Policymakers in Michigan will soon have key decisions to make as health reform implementation progresses. Will they choose to do it right the first time, or follow their current strategy of remedial public policy?
When programs require a financial investment, policymakers say the state has no money to invest, and yet there are always funds to cover remedial services. Will the current approach of cutting programs in the name of fiscal restraint only to fund those necessary services in higher-cost settings be their guide?
For example, children are eligible for Medicaid or MIChild, but are not aware or enrolled because outreach funds and efforts have been eliminated. They are then treated in hospital emergency rooms instead of doctors offices. Or, Medicaid services are eliminated “to save funds” and untreated illnesses become life-threatening, resulting in intensive care stays that could have been avoided.
Early childhood and education programs have been cut or weakened through continued state disinvestment. A Casey Foundation report ranks Michigan ranks 34th among the 50 states in children who are proficient at reading by the end of third grade. Colleges then spend considerable time and cost on remedial education to correct the deficiencies.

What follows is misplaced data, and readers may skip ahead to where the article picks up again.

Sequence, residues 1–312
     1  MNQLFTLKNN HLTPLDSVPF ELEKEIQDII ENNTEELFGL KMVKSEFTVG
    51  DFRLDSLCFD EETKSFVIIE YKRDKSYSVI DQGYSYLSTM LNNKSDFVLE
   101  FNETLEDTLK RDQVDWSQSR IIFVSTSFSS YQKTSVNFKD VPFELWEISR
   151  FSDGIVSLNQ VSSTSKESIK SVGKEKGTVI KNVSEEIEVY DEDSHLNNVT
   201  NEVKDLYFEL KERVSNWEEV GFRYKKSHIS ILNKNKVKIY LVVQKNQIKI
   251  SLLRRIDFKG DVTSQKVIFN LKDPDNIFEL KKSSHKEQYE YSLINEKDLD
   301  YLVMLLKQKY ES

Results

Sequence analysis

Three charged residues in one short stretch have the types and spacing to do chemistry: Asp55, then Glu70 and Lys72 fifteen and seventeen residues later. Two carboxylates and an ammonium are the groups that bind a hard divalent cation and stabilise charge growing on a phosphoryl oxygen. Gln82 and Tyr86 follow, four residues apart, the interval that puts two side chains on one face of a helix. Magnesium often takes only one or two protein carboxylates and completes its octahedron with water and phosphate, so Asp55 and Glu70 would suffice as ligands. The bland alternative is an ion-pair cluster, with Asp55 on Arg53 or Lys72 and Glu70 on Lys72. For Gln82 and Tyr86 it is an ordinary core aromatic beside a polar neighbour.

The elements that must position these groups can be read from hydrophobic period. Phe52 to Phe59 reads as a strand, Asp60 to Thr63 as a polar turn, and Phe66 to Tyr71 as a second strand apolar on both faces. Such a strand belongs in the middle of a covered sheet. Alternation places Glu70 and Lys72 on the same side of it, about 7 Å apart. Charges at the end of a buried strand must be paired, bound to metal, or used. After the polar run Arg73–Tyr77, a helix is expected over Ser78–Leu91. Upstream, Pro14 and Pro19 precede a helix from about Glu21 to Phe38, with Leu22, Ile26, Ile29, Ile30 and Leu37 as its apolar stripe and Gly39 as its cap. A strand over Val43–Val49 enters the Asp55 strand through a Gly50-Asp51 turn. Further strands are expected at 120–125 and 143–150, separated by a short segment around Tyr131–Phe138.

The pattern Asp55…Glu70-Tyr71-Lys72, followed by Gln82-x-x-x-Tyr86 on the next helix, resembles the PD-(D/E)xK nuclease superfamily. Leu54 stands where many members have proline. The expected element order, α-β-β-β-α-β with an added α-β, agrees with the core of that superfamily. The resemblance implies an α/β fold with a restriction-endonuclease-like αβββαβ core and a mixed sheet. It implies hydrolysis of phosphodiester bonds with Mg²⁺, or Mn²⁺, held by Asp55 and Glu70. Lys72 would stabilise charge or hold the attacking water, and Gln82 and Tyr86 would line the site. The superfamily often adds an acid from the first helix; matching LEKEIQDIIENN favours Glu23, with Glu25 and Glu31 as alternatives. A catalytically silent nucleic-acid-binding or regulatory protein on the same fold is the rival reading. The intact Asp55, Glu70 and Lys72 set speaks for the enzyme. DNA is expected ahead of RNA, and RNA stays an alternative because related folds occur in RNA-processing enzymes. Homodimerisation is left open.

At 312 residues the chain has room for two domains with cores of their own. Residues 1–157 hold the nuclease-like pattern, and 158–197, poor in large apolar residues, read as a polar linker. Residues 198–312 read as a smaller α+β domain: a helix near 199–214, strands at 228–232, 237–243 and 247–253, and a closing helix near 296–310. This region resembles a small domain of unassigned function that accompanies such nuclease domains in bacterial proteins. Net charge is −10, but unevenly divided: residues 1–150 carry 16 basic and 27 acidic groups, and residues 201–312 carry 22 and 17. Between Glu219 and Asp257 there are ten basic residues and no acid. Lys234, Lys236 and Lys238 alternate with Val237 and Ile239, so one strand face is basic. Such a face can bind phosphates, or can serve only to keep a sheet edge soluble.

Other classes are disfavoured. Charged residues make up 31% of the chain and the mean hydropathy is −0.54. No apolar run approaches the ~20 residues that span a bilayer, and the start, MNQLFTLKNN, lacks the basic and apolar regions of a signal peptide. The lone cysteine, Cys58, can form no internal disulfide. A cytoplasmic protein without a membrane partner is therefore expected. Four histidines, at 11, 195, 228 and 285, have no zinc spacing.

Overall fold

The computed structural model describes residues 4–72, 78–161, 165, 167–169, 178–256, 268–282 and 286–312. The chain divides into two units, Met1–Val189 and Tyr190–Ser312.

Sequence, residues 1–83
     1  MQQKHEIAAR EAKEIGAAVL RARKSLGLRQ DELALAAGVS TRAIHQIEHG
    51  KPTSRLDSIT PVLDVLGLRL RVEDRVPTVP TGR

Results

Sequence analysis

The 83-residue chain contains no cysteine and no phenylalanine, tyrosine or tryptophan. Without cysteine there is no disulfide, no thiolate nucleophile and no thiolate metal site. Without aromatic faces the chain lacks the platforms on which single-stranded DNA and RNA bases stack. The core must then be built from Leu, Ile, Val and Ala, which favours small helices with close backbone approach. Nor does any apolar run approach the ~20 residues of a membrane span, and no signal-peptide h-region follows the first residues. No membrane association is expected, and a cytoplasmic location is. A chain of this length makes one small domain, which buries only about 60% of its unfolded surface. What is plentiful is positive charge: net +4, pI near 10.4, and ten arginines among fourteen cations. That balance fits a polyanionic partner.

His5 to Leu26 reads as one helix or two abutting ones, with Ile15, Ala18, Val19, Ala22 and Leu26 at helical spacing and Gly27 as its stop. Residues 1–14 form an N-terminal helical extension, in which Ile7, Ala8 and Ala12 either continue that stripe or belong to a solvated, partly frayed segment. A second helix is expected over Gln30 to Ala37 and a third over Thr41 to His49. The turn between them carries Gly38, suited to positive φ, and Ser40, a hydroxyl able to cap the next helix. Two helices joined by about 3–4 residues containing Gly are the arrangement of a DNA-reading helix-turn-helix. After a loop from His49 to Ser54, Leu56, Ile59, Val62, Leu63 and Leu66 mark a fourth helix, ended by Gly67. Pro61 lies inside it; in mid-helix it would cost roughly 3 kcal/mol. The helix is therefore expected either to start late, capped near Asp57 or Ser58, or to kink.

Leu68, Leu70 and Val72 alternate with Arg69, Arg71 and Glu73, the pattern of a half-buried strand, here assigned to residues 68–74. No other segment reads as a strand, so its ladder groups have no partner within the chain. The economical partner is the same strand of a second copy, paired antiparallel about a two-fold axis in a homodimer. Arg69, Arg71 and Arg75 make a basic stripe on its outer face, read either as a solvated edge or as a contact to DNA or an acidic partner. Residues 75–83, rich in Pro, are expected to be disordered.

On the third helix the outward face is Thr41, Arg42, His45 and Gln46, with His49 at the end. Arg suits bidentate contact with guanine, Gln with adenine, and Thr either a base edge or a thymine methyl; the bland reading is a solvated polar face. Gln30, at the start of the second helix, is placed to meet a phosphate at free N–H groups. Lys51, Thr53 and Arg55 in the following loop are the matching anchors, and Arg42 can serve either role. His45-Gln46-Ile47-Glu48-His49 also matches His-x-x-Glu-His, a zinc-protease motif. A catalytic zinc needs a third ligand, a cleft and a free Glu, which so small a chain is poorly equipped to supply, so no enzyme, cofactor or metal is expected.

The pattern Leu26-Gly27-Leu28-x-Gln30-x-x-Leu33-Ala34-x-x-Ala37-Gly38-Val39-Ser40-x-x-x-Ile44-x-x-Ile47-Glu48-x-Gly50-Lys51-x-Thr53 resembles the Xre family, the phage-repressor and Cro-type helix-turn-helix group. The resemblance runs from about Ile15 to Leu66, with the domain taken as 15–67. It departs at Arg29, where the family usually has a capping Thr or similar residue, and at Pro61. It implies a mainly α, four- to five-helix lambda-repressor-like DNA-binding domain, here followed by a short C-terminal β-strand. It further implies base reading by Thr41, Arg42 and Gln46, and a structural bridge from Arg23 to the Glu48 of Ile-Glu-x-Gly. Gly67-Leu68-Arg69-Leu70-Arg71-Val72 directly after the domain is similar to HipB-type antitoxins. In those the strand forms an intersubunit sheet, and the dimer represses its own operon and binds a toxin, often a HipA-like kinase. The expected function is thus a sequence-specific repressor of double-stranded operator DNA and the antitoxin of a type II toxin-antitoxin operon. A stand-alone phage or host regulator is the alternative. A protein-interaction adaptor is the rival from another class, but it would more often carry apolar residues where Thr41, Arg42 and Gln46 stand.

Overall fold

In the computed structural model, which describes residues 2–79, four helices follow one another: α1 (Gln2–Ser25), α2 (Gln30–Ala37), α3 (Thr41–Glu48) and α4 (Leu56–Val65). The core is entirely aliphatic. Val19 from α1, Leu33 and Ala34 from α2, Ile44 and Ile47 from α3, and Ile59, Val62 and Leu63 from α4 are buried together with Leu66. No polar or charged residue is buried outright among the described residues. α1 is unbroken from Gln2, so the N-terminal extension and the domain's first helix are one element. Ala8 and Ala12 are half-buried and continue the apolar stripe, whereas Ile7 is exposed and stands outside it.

Community mental health services are inadequately funded and were severely cut in this budget year. This means services are not provided until a crisis occurs, resulting at times with a person entering the corrections system. Wayne County Prosecutor Kym Worthy recently called for more aggressive mental health, preschool and drug treatment funding.
Federal health care reform presents the opportunity to make dramatic changes in the health care system and the way it’s delivered, defined and funded. A key question is: Will policymakers take advantage of these opportunities — pass needed legislation, and provide the necessary funding and staff for a successful implementation, or will they try to “do more with less” and skate by on the cheap?
If policymakers choose the short-sighted approach in the name of fiscal restraint then we cannot expect to see the full potential of improvements to the current systems and health outcomes. It is critical that they acknowledge the need for additional resources and supporting public policy so that health reform implementation can be done right the first time.
We can pay now, we can pay later – or both. Will health care reform be more of the same, or will it be implemented right the first time?
— Jan Hudson